Each MAC has its own geographical territory and handles the hospitals and health care providers within its territory. For instance, National Government Services handles all Medicare reimbursement issues for the hospitals in its area, including cost reports, claims, and the appeals process. If National Government Services handled a health care provider’s cost report review, then the company can seamlessly manage the appeals process. National Government Services also supports other MACs in a subcontract role. National Government Services manages cost report appeals with one consolidated team using consistent policies and procedures, instead of managing each contract/territory separately. This approach helps mitigate any inconsistencies which may occur when appeals are processed independently by each MAC.
“When you have numerous territories and MACs, and the fact that many appeals fall into areas of the regulations that may not be clearly defined, we may proceed with one approach and another MAC may have a different approach,” the National Government Services associate noted. The cost report appeals workload is a heavy mix of auditing and legal interpretation of rules and regulations, and both of those are subject to professional opinion.
“We write a lot of legal briefings or documents called ‘position papers’ that outline our position of the arguments of the appeal. When you have numerous MACs administered by multiple organizations, it does lead to an opportunity for inconsistency,” he noted.
Seamless Appeals Process
Built on a foundation of creating innovative and cost-saving programs, National Government Services has decades of experience in the federal health care space. The company is uniquely positioned to provide solutions for evolving federal health care challenges.
For instance, National Government Services uses a one-stop shop concept for cost report appeals. The company handles the entire cost reporting appeal process, from acknowledgement to closure, with the same team for both prime and subcontracting arrangements. This allows a seamless operation because the provider works with the same National Government Services staff for the entire life of the appeal.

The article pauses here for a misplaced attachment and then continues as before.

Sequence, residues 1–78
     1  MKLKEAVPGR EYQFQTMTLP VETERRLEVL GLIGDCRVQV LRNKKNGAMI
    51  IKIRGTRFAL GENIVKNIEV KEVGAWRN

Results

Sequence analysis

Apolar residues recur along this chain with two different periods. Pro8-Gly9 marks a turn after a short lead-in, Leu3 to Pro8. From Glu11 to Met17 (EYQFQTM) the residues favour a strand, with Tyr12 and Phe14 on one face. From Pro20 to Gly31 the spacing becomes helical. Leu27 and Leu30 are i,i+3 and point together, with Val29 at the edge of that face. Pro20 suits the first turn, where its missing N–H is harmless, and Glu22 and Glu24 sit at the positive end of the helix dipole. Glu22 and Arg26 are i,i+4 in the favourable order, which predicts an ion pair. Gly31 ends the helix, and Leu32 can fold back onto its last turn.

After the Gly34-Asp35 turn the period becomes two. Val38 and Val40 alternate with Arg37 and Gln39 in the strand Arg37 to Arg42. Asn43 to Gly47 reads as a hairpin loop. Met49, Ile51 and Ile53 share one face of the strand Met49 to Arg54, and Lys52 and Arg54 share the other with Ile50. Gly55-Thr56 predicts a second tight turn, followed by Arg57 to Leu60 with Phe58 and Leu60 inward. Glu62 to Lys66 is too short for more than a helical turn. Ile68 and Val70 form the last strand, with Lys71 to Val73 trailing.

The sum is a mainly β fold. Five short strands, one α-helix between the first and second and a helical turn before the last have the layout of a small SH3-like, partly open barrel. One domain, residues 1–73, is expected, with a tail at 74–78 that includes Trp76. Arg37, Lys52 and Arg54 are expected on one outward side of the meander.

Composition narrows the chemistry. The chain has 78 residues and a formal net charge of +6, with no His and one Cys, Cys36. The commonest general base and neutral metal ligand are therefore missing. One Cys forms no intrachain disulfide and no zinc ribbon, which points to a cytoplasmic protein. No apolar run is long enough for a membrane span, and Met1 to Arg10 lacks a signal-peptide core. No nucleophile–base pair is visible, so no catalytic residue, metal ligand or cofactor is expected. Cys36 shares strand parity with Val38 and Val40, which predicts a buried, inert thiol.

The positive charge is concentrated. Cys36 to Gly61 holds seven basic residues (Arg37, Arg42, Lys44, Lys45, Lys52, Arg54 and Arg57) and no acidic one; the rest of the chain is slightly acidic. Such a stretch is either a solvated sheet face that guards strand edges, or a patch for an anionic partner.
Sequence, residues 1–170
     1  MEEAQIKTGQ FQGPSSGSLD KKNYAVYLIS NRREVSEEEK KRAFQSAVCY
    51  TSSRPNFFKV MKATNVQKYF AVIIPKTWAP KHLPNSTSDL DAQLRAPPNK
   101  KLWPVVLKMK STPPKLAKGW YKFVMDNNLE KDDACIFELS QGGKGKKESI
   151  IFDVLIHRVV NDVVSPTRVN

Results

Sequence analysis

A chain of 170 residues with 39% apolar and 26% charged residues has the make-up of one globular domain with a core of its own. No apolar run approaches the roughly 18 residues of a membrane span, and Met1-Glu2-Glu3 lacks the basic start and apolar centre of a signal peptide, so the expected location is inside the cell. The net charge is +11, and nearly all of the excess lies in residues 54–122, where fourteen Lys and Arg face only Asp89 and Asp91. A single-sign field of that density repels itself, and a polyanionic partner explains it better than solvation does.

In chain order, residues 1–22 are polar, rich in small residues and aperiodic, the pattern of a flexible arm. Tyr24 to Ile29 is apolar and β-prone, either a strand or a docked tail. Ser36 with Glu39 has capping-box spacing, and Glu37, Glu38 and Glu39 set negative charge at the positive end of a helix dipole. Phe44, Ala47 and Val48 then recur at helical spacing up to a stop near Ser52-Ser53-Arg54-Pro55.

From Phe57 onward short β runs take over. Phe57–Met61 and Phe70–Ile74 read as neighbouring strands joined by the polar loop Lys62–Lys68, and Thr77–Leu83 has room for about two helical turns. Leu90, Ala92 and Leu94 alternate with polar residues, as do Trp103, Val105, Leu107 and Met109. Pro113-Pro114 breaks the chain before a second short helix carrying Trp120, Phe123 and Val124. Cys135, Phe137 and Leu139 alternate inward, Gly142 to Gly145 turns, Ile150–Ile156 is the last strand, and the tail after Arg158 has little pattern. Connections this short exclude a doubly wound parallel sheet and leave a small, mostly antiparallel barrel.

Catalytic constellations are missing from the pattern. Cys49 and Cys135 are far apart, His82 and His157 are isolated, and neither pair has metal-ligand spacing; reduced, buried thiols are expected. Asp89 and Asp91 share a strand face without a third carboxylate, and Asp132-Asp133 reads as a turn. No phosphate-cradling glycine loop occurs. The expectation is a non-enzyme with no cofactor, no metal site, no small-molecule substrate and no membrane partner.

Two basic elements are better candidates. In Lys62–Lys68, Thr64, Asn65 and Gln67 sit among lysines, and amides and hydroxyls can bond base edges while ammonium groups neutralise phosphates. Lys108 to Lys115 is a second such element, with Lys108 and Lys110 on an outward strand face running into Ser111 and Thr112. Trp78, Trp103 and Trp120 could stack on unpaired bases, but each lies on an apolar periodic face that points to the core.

National Government Services has been able to effectively manage the process by developing strict policies, case management, and specific experts to handle the workload while leveraging technology such as workpaper management software to make the full appeal process electronic. This allows all National Government Services staff to have secure access regardless of their physical location.
“Everything that comes into our shop is handled by a small group of people. Having a dedicated team to focus on the receipt of cost report appeals has driven consistent performance results. The performance results are predicated on robust controls and policies intended to ensure all associates are handling things properly,” said the National Government Services associate.
For instance, CMS has a web-based system called STAR, or System for Tracking Audit & Reimbursement, which CMS developed to track the process of an appeal. The National Government Services’ Appeals Team developed a workflow and controls ensuring the STAR system is updated within 10 days after receiving documentation from a health care provider.
To be effective, National Government Services approaches every appeal as an intermediary. “We don’t automatically take the government’s position and we don’t automatically take the provider’s position. We analyze each individual case on its own merit. We want to make the appeal or problem right, if there is a problem.”